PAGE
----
Nationally, it costs an $410 per credit hour to teach electrical engineering, one of the most expensive majors. Sociology, one of the cheapest-to-teach subjects, costs less than half of that — about $176 per credit hour.
While the NBER study of 522 colleges and universities didn’t include UW figures, the costs are roughly similar, said Hall, the vice provost. Educating a UW engineer costs twice as much as educating a UW English major.
Why are science and tech courses so expensive to teach? Salaries are a piece of the puzzle: Someone with a doctorate in computer science can make a handsome salary in the private sector, so he or she commands a high salary in academia.
Upper-level courses in engineering, the natural sciences and computer science are also typically taught in smaller classes stocked with high-tech equipment — which makes them more costly.
And one of the biggest expenses is hiring new science or technology professors as those majors grow. The university has to set a new professor up with a lab and fund graduate students, who are paid a salary, to work in that lab. In the sciences, the startup costs alone to hire one professor can run $1 million or more, Stacey said, whereas a humanities professor doesn’t need a lab.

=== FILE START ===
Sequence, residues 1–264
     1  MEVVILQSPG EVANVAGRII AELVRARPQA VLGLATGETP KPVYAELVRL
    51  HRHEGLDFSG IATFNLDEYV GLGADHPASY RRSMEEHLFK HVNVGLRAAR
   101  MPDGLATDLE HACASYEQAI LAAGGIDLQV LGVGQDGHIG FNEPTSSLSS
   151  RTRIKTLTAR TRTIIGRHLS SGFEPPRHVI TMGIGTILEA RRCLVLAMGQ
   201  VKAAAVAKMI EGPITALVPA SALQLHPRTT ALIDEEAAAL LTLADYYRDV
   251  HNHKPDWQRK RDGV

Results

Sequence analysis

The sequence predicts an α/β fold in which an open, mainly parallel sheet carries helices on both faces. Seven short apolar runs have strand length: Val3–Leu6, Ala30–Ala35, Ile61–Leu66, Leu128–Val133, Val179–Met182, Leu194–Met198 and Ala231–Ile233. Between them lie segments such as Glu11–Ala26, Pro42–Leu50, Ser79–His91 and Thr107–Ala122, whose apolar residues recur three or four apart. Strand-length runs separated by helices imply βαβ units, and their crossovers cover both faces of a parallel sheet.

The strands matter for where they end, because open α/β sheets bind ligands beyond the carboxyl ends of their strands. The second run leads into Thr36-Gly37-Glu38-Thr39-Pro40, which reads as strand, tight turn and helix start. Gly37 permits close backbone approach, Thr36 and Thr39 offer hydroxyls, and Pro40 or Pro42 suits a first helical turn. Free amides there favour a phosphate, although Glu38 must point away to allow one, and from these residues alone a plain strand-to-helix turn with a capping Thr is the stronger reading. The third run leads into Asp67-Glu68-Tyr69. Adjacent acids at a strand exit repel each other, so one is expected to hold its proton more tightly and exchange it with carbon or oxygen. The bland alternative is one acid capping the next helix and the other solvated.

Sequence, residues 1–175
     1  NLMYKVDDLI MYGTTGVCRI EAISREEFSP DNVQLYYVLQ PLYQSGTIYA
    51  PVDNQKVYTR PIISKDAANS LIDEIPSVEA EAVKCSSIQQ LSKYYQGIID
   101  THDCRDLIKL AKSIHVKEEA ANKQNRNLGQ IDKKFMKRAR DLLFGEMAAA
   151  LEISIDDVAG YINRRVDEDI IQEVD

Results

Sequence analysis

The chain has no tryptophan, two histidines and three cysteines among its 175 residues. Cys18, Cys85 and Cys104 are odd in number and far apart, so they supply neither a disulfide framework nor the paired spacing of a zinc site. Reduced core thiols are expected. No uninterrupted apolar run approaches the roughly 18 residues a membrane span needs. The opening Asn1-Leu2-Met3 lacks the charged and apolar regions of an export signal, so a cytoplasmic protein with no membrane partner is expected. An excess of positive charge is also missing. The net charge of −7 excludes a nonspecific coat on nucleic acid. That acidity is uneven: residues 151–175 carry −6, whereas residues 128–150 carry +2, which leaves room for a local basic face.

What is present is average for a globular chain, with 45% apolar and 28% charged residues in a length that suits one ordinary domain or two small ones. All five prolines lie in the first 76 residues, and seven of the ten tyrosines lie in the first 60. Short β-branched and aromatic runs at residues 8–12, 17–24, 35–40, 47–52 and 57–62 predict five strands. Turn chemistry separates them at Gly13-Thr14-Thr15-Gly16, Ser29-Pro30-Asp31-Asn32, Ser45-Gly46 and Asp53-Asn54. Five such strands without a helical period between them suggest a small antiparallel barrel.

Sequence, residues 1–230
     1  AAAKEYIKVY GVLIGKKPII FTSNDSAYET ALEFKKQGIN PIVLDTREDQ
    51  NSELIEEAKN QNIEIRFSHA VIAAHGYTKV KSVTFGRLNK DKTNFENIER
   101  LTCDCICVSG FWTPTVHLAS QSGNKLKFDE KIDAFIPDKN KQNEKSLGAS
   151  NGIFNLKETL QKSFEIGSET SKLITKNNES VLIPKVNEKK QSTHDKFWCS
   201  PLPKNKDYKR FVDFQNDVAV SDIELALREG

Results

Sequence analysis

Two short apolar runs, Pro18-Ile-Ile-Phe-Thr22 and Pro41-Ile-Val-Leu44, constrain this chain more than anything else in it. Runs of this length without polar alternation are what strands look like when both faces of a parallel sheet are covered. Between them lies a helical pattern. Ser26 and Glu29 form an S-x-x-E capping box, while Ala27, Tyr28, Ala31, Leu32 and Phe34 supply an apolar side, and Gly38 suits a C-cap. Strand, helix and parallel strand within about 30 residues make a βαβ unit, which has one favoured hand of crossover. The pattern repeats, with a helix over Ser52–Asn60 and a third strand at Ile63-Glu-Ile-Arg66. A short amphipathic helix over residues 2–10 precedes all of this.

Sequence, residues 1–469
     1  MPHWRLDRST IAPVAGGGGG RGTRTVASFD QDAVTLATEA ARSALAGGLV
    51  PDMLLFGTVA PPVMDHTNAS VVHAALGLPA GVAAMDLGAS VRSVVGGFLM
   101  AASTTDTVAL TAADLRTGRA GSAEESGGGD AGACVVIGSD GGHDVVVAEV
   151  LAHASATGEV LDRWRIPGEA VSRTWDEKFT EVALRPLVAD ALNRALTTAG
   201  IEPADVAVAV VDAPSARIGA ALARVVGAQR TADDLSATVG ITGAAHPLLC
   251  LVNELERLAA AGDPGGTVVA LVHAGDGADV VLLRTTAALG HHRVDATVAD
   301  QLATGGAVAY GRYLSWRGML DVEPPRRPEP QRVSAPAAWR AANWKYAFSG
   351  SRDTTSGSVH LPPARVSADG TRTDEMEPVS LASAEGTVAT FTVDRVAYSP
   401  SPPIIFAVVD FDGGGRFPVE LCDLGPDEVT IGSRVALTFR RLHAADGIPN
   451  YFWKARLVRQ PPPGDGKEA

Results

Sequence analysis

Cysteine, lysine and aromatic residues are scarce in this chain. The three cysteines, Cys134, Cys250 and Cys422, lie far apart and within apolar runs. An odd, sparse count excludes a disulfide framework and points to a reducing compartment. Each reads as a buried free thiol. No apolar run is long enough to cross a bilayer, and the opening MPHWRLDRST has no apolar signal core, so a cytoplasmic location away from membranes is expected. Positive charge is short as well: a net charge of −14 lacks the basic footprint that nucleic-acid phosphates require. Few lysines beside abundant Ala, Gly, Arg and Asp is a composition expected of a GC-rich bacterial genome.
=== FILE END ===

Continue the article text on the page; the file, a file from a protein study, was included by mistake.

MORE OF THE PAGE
In many states, public universities charge extra for majors that are costlier to teach. But by law, Washington public colleges and universities can’t charge different prices, Hall said.
The UW charges a flat-rate tuition based on a student’s residency ($11,207 for in-state students on the Seattle campus this year, including all fees), no matter what they’re majoring in. Everyone gets the same bill, whether they’re majoring in philosophy or electrical engineering.
Defending humanities studies, job prospects
It’s easy to read about the migration to tech fields and shrug. After all, doesn’t it simply reflect reality — that graduates have better job prospects if they study tech or business?
Humanities professors disagree. They say it’s a myth that humanities majors can’t find jobs, and it’s disappointing that so many people are discouraged from pursuing their passions.
“What’s sad for the younger generation is that so many students here have been literally pushed away from the social sciences and humanities to STEM, and are not happy,” said UW history professor James Gregory.
“There’s so much messaging in general about STEM, STEM, STEM,” he said.
Gregory remembers a discussion he had with a bright student, a history buff who was majoring in finance, but kept signing up for history classes because, as she described it, “I love to think.”
Why not switch your major, he suggested.
“My parents wouldn’t hear of it,” she said.